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Kyle Balda
Steve Carell, Pierre Coffin, Taraji P. Henson
Writing Credits:
Matthew Fogel

12-year-old Gru tries to join a supervillain league as he attempts to pursue his dream.

Rated PG.

Aspect Ratio: 2.39:1
English Dolby Atmos
English DVS
Spanish Dolby 7.1
French Dolby 5.1
Supplements Subtitles:

Runtime: 88 min.
Price: $34.98
Release Date: 9/6/2022

• Two Mini-Movies
• Extended Scene
• Outtakes
• “Character Profiles” Featurettes
• “Gru-vy Animation” Featurette
• “Fashion, Food & Funk” Featurette
• “Minion Martial Arts” Featurette
• “How to Draw” Featurettes
• “Lair Flair” Featuretttes
• “Super Style Shop” Featurettes
• Previews
• DVD Copy


-LG OLED65C6P 65-Inch 4K Ultra HD Smart OLED TV
-Marantz SR7010 9.2 Channel Full 4K Ultra HD AV Surround Receiver
-Panasonic DMP-BD60K Blu-Ray Player
-Chane A2.4 Speakers
-SVS SB12-NSD 12" 400-watt Sealed Box Subwoofer


Minions: The Rise of Gru [Blu-Ray] (2022)

Reviewed by Colin Jacobson (September 4, 2022)

When Despicable Me became a hit in 2010, lead character Gru’s loyal helpers turned into breakout fan favorites. This led to their own movie in 2015 and finally a sequel to that effort via 2022’s Minions: The Rise of Gru.

Set in 1976, an adolescent Gru (voiced by Steve Carell) pursues his goal to become a super-villain. He gets a potential boast when the evil Vicious 6 clan invites him to interview to fill a spot vacated when the group ejects founding member Wild Knuckles (Alan Arkin).

Though the interview goes poorly, Gru continues on his way, and this involves the theft of the Zodiac Stone. This goes awry when his trusty Minions botch the job, so the two sides embark on their journeys to prove their worth in different ways.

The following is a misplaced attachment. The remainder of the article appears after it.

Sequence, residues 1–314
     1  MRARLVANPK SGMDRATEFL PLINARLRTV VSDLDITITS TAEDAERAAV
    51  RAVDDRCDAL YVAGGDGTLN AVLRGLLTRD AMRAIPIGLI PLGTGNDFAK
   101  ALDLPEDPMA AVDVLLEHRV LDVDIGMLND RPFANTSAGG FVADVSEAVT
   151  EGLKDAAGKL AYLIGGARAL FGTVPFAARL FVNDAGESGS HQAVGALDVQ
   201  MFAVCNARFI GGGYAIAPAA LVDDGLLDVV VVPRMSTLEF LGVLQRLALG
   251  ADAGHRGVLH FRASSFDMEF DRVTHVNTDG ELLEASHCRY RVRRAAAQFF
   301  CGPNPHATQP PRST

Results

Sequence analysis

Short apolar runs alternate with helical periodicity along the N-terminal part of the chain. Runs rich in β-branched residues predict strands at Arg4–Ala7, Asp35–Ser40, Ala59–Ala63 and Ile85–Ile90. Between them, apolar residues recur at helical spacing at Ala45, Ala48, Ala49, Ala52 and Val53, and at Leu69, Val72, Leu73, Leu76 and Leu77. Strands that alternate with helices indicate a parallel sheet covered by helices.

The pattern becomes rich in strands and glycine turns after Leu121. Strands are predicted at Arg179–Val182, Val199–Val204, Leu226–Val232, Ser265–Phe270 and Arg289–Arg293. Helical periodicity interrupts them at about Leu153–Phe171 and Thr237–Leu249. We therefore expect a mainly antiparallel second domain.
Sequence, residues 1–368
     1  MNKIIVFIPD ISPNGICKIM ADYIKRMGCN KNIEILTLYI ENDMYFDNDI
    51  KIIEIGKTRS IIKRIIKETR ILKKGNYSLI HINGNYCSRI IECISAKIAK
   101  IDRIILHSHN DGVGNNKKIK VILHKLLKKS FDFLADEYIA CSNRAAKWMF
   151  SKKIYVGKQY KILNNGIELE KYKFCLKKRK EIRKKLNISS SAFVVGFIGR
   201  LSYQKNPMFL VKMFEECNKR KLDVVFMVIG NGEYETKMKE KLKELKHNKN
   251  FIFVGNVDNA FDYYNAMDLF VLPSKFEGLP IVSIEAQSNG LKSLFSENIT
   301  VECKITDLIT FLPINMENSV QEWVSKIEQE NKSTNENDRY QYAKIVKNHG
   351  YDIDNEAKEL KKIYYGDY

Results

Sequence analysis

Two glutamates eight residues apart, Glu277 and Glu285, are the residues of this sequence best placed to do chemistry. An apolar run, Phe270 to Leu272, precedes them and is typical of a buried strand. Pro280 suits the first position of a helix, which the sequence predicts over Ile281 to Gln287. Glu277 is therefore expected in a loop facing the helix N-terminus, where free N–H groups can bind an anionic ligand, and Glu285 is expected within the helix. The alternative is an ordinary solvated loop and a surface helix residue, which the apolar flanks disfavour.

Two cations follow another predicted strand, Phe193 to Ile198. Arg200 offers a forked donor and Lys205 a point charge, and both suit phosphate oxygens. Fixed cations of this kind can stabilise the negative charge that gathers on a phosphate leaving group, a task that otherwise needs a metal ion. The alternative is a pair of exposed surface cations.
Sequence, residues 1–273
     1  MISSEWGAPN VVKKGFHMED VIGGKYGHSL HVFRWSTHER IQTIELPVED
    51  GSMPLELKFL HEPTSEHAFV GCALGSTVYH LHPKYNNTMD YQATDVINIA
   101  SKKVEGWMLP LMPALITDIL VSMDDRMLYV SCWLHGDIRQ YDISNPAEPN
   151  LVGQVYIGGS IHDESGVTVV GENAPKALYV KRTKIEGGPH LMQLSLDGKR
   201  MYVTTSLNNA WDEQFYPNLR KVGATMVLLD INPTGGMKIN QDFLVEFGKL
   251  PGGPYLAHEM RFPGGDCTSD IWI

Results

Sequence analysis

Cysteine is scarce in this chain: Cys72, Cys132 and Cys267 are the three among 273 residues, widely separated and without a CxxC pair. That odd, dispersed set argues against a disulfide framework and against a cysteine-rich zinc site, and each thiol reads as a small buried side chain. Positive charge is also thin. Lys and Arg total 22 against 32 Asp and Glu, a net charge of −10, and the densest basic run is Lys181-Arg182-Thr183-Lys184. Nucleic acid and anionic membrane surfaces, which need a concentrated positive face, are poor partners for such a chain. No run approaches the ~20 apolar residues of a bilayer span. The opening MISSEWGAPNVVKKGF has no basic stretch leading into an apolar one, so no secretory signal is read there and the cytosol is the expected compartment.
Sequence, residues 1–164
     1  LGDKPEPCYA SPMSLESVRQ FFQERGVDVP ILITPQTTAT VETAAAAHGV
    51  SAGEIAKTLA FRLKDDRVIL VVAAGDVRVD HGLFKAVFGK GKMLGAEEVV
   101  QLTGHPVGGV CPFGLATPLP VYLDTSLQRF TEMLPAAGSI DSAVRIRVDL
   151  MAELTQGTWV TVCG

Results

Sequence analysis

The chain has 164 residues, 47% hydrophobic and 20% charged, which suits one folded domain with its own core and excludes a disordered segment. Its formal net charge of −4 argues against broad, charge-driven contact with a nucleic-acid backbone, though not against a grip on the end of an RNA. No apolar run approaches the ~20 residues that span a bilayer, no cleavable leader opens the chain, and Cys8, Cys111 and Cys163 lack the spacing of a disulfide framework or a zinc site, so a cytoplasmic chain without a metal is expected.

If one must pick a major problem with Rise, one will find it implied in that synopsis. Not until the end do I refer to the Minions, and even then I don’t say much.

Given that Rise exists as a Minions movie, this feels like an issue. Why not just call this Despicable Me 4?

Actually, I get that Universal keeps this as a Minions film because the 2015 flick existed mainly as a Despicable Me prequel. It would feel weird to plop Rise under the Despicable Me banner since it looks backward in terms of its chronology.

That said, it also seems odd to make a Minions movie that spends so much time with Gru. The 2015 flick only teased Gru at the very end, which allowed it to exist as its own entity separate from Despicable Me.

As noted, that doesn’t happen with Rise because it emphasizes Gru. While the Minions play a larger role than my synopsis implies, this still feels more like a Gru-based prequel than a continuation of the Minions’ own journey.

Does any of this nitpicking impact the movie’s entertainment value? Not really, for although the semi-misbranding annoyed me a bit, Rise actually turns into a pretty enjoyable comedic adventure.

Which I admit surprises me because the franchise never really engaged me. Across the board, I thought Minions and the three Despicable Me movies came with moderate entertainment value but they failed to turn into anything better than mediocre.

Although I can’t claim Rise gives us a killer animated flick, I do believe it surpasses its four predecessors. My biggest issue – other than the aforementioned misbranding – comes from the film’s plot.

Or plots, as Rise melds a bunch of mini-stories into one. These come together in the end, but they feel barely connected too much of the time, and they don’t gel as much as they should.

That said, Rise throws enough at the wall that a lot of it sticks. Sure, we’ve seen plenty of movies that use the 1970s as comic fodder, but Rise digs into this with such glee and abandon that even clichés still amuse.

Again, one shouldn’t expect much of this to make sense. Nonetheless, the viewer seems unlikely to care, as the whole package delivers such silly punch that it overcomes its basic flaws.

On the surface, it feels like a mistake to introduce as many new characters as we get with Rise. However, given the looseness of the structure anyway, this becomes less of a distraction than I might anticipate.

A solid cast helps, with good turns from newcomers Arkin, Taraji P. Henson, Michelle Yeoh and other notables. All deliver nice work and elevate the material.

Rise of Gru comes with too many flaws to turn into a really strong movie. Nonetheless, it becomes a fun and goofy comedic adventure.

The Disc Grades: Picture A-/ Audio B+/ Bonus C